Battle of the Monitor and Merrimac


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Up | The Battle of Fort Sumter | Battle of Rich Mountain | First Battle of Bull Run | Second Battle of Bull Run | Battle of the Monitor and Merrimac | Battle of Shiloh | Battle of New Orleans | Battle of Fair Oaks (Seven Pines) | Harper's Ferry | Battle of Antietam | Battle of Fredericksburg | Battle of Chancellorsville | Siege of Vicksburg | Battle of Gettysburg | Battle of Chickamauga | Battle of Chattanooga | Battle of the Wilderness | The Battle of Spotsylvania | The Battle of Cold Harbor | Siege of Petersburg | Battle of Atlanta | Sherman's March to the Sea | The Richmond Campaign

The Monitor and The Merrimac

Up | Pictures of the Monitor and Merrimac

Monitor and Merrimac. At the moment when the Confederates evacuated Manassas a strange naval battle occurred in Hampton Roads. The Confederates had raised the sunken Merrimac in the Gosport navy yard and converted it into an iron-clad ram, which they called the Virginia, commanded by Captain Buchanan, late of the United States navy. She had gone down to Hampton Roads and destroyed (March 8, 1862) the wooden sailing frigates Congress and Cumberland, at the mouth of the James River, and it was expected she would annihilate other ships there the next morning. Anxiously the army and navy officers of that vicinity passed the night of the 8th, for there appeared no competent human agency near to avert the threatened disaster.

Map of Hampton Roads


Meanwhile another vessel of novel form and aspect had been constructed at Greenpoint. L. I., N. Y., under the direction of CAPT. JOHN ERICSSON, who used Theodore R. Timby's invention of a revolving turret. It presented to the eye, when afloat, a simple platform, sharp at both ends, and bearing in its centre a round Martello tower 20 feet in diameter and 10 feet in height, made, as was the rest of the vessel, of heavy iron. It presented a bomb-proof fort, in which were mounted two 11-inch Dahlgren guns. The hull of this vessel was only 8 1/2 feet in depth, with a flat bottom, and was 124 feet in length, and 34 feet the greatest width at top. On this hull rested another, 5 feet in height, that extended over the lower one 3 feet 7 inches all around, excepting at the ends, where it projected 25 feet, by which protection was afforded the anchor, propeller and rudder.  The whole was built of 3 inch iron, and was very buoyant.  Its exposed parts were guarded by a wall of white oak, 30 inches in thickness, on which was laid iron armor 6 inches in thickness.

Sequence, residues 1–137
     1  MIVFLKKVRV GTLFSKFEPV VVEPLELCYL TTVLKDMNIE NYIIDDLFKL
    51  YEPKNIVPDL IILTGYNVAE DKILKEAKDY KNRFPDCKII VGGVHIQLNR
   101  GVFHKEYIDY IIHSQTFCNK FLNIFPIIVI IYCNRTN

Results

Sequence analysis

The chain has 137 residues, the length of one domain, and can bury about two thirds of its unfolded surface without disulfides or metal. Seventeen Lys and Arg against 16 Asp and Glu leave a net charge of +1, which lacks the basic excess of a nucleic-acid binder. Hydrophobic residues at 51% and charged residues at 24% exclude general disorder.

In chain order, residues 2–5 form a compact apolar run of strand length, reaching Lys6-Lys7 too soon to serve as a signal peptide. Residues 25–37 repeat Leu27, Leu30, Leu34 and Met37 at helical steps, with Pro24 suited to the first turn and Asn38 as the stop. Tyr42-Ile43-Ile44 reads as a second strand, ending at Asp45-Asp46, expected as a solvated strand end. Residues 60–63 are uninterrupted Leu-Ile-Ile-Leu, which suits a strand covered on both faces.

A shot to strike the lower hull would have to pass through 25 feet of water, and then strike an inclined plane of iron at an angle of about 10. The deck was well armed also.

Such was the strange craft that entered Hampton Roads from the sea, under the command of LIEUT. JOHN L. WORDEN, unheralded and unknown, at a little past midnight, March 9, on its trial trip. It had been named Monitor. It had been towed to the Roads by steamers, outriding a tremendous gale.


Worden reported to the flag officer of the fleet in the Roads, and was ordered to aid the Minnesota in the expected encounter with the Merrimac in the morning. It was a bright Sabbath morning. Before sunrise the dreaded Merrimac and her company came down from Norfolk. The stern guns of the Minnesota opened upon the formidable iron-clad, when the little Monitor, which the Confederates called in derision a " cheese-box," ran out and placed herself by the side of the huge monster.

She was like a  pigmy by the side of a giant.  Suddenly her mysterious citadel began to revolve, and from it her guns hurled ponderous shot in quick succession. The Merrimac answered by heavy broadsides, and so they struggled for some time without injuring each other. Then the Monitor withdrew a little to seek a vulnerable part of her antagonist, while the Merrimac pounded her awfully,

Battle of the Monitor and the Merrimac

Battle of the Monitor and the Merrimac  at Hampton Roads

sometimes sending upon her masses of iron weighing 200 pounds at a velocity of 290 feet per second. These struck her deck and tower without harming them, and conical bolts that struck the latter glanced off as pebbles would fly from solid granite. The Merrimac drew off and attacked the Minnesota. Seeing the latter in great peril, the Monitor ran between them. A most severe duel ensued, and as a result the Merrimac was so much disabled that she fled up to Norfolk, and did not again invite her little antagonist to combat. Worden was severely injured by concussion in the tower of the Monitor, and for a few days his life was in peril. This class of vessels was multiplied in the National navy, and did good service. A comparison of the appearance of the two vessels may be made in looking at the engraving of the New Ironsides and Monitor. The New Ironsides was a powerful vessel built in Philadelphia. It had a wooden hull covered with iron plates four inches in thickness.

Her aggregate weight of guns was 284,000 lbs., two of them 200-pounder Parrott guns. She had two horizontal steam-engines, and was furnished with sails. At her bow was a formidable wrought-iron ram or beak. She was accidentally set on fire and destroyed at her moorings at League Island, below Philadelphia, Dec. 15, 1866.

The New Ironsides and Monitor



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